Governments Using Open Source
American presidents from across the political spectrum have used WordPress for their official websites. There is nothing partisan about the software; instead, its popularity with the presidents of this century shows its power and influence on the web.
Indeed, it is not only American political leaders who have embraced WordPress. Here are just a few international examples:
- The President of Yemen
- The Prime Minister of the United Kingdom
- The Prime Minister of India
- The Royal Thai Embassy
- Sweden’s official national website
We can see the evolution of WordPress as a trusted platform for official government websites through its use by recent U.S. presidents.
In 2017, President Obama chose WordPress for his Obama Foundation website. He was the first U.S. President to use WordPress.
It’s worth noting that Obama’s WhiteHouse.gov site was the first iteration to use an open source CMS, albeit Drupal, in 2009.
Drupal’s founder, Dries Buytaert, wrote, “Drupal is a perfect match for President Barack Obama’s push for an open and transparent government…this is a clear sign that governments realize that Open Source does not pose additional risks compared to proprietary software.” The decision in 2009 was recognized as a sign of change. The choice of WordPress in 2017 for the Obama Foundation website can be understood as part of that evolution.
Later in 2017, the White House switched from Drupal to WordPress for whitehouse.gov. The White House announced that the new site looked cleaner and more presidential than the previous version. It included no interactive elements.
The Washington Examiner reported that the new website would be much cheaper to maintain, cutting the previous website’s maintenance and security costs in half from $6 million per year. This was given as the explanation of the platform shift, based on the word of a “White House spokesperson.”
The Trump administration’s version of WhiteHouse.gov archives are still visible at TrumpWhiteHouse.archives.gov. Trump also had a WordPress blog called “From the Desk of Donald J. Trump,” though that has been shut down. His current official website, donaldjtrump.com, is not a WordPress site.
Joe Biden used WordPress for his campaign site, JoeBiden.com, and the Harris-Biden transition site, BuildBackBetter.com. Upon Biden’s win, the transition site redirected to BuildBackBetter.gov, and then to whitehouse.gov when his administration updated the national site.
Biden’s WhiteHouse.gov focused on accessibility. It includes the language switcher MultilingualPress. Visitors can toggle to a high-contrast dark mode and larger font sizes designed to help people with limited vision. Inclusive pronouns were added to the contact page.
Andrew Nacin oversaw the WhiteHouse.gov effort for Biden’s administration, and the new site was completed in six weeks, launching on inauguration day.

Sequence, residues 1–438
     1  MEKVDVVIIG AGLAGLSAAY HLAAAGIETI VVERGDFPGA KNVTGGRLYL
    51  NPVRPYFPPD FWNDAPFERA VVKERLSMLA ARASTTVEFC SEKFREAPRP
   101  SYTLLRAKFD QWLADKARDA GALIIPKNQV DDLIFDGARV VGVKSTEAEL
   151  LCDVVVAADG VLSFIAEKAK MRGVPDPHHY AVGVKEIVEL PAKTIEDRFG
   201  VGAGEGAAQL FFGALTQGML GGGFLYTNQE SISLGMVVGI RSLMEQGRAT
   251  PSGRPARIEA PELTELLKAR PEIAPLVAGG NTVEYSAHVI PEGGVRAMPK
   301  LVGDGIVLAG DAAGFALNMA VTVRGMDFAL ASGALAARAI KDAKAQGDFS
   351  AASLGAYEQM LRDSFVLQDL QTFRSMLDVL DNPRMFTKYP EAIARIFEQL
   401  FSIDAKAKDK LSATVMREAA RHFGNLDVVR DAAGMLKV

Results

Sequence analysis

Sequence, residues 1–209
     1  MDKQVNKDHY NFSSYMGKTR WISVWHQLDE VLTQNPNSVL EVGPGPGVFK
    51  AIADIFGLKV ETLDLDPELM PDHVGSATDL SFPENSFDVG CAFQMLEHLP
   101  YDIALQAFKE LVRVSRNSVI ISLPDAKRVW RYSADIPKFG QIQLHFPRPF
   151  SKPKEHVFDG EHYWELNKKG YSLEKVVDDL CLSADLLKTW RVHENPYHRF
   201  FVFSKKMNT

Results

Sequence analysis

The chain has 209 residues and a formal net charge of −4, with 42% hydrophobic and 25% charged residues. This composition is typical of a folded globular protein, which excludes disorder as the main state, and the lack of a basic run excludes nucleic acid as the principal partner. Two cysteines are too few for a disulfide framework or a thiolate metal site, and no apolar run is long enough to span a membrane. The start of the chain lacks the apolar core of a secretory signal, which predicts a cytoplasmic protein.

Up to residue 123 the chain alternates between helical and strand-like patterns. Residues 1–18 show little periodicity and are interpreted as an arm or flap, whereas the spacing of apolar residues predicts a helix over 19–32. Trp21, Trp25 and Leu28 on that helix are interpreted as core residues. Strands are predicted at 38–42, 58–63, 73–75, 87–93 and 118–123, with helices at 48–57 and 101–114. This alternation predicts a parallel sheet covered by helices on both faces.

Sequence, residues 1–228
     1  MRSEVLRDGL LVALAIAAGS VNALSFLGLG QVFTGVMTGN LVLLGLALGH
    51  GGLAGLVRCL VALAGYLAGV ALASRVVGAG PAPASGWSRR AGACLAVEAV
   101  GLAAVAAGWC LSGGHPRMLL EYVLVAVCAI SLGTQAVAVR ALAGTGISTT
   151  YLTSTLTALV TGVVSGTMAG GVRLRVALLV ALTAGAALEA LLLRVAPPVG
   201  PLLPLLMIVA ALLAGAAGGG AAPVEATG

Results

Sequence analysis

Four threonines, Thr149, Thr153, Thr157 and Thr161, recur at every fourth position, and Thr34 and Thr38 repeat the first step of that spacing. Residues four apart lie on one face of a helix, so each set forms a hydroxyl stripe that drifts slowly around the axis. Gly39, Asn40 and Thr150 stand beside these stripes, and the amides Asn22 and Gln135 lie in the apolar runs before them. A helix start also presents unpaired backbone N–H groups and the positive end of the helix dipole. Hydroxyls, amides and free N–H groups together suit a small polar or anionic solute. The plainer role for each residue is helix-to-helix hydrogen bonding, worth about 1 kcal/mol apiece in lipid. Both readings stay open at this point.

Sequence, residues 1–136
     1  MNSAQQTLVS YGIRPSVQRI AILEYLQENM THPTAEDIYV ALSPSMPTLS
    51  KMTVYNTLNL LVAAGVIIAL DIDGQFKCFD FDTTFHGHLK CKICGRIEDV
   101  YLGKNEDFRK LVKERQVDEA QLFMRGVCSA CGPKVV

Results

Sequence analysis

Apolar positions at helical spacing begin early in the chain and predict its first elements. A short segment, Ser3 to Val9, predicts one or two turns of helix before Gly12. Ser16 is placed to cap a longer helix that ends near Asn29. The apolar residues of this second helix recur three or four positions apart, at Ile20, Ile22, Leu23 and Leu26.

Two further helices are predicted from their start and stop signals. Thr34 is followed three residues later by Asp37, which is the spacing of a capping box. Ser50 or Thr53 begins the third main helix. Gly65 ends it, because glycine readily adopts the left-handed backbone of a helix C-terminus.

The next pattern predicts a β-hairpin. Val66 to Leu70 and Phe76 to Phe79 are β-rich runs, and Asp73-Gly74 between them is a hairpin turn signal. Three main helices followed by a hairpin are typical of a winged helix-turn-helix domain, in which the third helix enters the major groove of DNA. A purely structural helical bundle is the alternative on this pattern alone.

While the use of WordPress by three presidents of the United States in a row (so far) indicates the platform’s importance, it is not only the presidents who use WordPress in government.
The State Department’s official website, State.gov, is a WordPress website. USA.gov, and the new beta site at beta.usa.gov, are WordPress websites.
According to PublishPress, every U.S. embassy in the world uses WordPress. Democrats.org is the Democratic Party’s website, also powered by WordPress. The Republican Party does not use WordPress, but the Republican Governors Association does. The Library of Congress runs its blog on WordPress. Digital.gov is a WordPress website.
State and city governments also use WordPress widely. The popularity of WordPress for government websites should put to rest the myth that WordPress is less secure than traditional websites.
WordPress also has the avowed mission of democratizing publishing. Does this make WordPress an obvious candidate for applications that support democracy?
In 2018, when Obama, Trump, and Biden all had WordPress websites (JoeBiden.com redirected to AmericanPossibilities.org), WordPress reached an important milestone: powering one-third of the global web. In turn, it made sense that powerful and important websites were being built on WordPress, regardless of the political leanings of the content.
Yet some believe that the WordPress mission of democratizing publishing is a political statement in itself. Justin Tadlock wrote at WPTavern that there is no point in insisting that WordPress should be divorced from politics. “WordPress itself is inherently political. From its license to its mission statement, WordPress takes some political stances,” he wrote. “The concept that users have the freedom to run, copy, alter, improve, or even distribute software is a political statement. It is a political statement in direct defiance of major corporations and governments controlling software through proprietary licenses.”